We need to challenge both, but attitudes and preconceptions about disability are the hardest to modify. I’m certainly continuing to work on challenging my own ableist privilege.
“I’ve learned that whenever accommodations are made to serve PwD, everyone benefits. One of my proudest achievements as board president at Temple Sholom was the Accessibility and Inclusion Project, which resulted in the installation of an interior ramp to the bimah. Overall, I think Temple has become safer, more inclusive and more accommodating to the diverse range of ages and abilities of all people who participate in Temple life. As I’ve said, I believe that disability exists across the broad spectrum of society, and that most of us are actually TAB (temporarily able-bodied).
“I’m continually learning about the tremendous diversity in the disability sector,” she added. “I attended the Cripping the Arts Symposium in Toronto a few months ago. One PwD artist there insisted, ‘I can’t possibly explain what [having a disability is] like, but I can show you through my artwork, and maybe you’ll get a better understanding of the struggle for survival.’ Yet another expressed: ‘How we experience the world is all based on who you are as a human being, not about being a PwD.’ Those are two nearly opposing positions.
“I’ve learned that, in Canada, the Charter of Rights and Freedoms recognized equality for those who live with disability in 1982, but there is still a great deal of work needed. The U.S., through the Americans with Disabilities Act (1990), is far more advanced than we are. The U.K. by far leads the way in terms of disability arts practices and inclusion.”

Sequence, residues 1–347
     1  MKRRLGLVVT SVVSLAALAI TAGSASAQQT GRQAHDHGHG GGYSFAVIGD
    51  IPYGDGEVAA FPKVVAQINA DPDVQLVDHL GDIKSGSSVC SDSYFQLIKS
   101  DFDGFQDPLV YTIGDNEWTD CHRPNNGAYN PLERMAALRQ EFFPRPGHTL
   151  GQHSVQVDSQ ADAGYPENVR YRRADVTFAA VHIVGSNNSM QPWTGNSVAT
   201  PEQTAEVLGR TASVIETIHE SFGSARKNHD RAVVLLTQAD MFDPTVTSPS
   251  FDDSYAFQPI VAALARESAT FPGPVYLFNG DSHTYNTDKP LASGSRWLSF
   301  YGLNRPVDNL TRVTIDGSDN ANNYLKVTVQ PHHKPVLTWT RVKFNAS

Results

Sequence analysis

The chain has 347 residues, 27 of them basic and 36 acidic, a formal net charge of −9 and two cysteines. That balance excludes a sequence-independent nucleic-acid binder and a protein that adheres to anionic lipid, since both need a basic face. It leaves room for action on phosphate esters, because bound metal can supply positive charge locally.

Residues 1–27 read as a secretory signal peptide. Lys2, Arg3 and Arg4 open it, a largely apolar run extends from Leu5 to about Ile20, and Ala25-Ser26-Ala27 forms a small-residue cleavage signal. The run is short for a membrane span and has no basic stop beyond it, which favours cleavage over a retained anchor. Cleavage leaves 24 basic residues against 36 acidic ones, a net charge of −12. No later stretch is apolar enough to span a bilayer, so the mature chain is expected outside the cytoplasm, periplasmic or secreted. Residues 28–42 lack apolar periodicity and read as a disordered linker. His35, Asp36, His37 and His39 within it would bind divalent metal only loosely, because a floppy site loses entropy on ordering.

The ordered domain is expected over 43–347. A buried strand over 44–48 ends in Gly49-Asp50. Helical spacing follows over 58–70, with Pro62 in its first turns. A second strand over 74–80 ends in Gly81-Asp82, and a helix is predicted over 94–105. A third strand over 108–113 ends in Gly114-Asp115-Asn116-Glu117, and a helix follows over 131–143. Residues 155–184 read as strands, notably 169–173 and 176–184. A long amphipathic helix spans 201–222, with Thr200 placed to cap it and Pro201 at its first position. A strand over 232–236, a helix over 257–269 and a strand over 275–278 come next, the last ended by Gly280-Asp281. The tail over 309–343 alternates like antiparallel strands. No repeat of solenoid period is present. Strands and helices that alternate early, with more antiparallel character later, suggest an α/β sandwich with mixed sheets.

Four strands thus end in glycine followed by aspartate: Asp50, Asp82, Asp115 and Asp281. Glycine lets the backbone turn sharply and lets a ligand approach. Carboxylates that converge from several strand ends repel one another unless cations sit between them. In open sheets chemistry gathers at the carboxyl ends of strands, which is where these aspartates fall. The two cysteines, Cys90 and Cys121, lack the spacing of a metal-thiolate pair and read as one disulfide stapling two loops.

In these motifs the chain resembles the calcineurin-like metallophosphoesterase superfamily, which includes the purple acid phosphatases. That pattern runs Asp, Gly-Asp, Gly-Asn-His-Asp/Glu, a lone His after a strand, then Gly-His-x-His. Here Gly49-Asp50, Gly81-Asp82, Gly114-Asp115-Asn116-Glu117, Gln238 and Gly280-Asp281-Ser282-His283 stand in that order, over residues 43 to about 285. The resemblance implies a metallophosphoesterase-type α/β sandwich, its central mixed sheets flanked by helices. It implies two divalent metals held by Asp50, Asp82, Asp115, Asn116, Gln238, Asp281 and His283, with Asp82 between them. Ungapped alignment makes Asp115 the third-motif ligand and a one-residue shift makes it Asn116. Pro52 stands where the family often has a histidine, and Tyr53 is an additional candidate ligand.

In addition to her involvement with the Temple Sholom community, Judaism and Jewish culture have influenced Cohen’s outlook on life and the work she pursues in other ways as well.
“My Jewish upbringing exposed me to critical thinking, to appreciation for the individual and for community, and provided me with exposure to the arts and theatre,” she said. “We have a rich storytelling tradition in Judaism, and a particular way of using humor to cope with life’s challenges. Exposure to that, combined with having a large, extended Jewish family when I was growing up in Montreal, definitely informed my worldview.
“The aching stories of the Holocaust, and the enormous victory of the establishment of Israel, also feel very personal to me. My parents (z”l) would tell you that, from the time I was little, I was a champion of the underdog, always ready to speak truth to power. I’m not so brave today, but I do feel very strong moral imperatives, whether about equality for PwD, or standing up to BDS [boycott, divestment and sanction] bullies, who are either misinformed about Israel or covertly antisemitic.
“My Jewish education also involved a lot of text analysis, including as a student at parochial school in Montreal. The shift to analyzing scripts was a natural segue for me.”
Cohen encourages people to join Realwheels “for an evening of savage wit and uncompromising truth-telling as we present Creeps, the award-winning dark comedy by David E. Freeman that changed Canadian theatre forever!”
And Bloom echoed her sentiments, “I feel very lucky to be part of this show,” he said. “Not only is it a seminal Canadian classic, but I’m working with a great company and an ensemble with real integrity.”
Tickets for Creeps, which previews Nov. 30 before its 10-day run, are $18-$40 from 604-251-1363 or thecultch.com/tickets. Tickets are only two for $20 on Dec. 3, which includes a post-show reception in recognition of International Day of People with Disabilities. There are also post-show discussions Dec. 4 and 6, and ASL and audio description on Dec. 4. Warning: mature content and offensive language.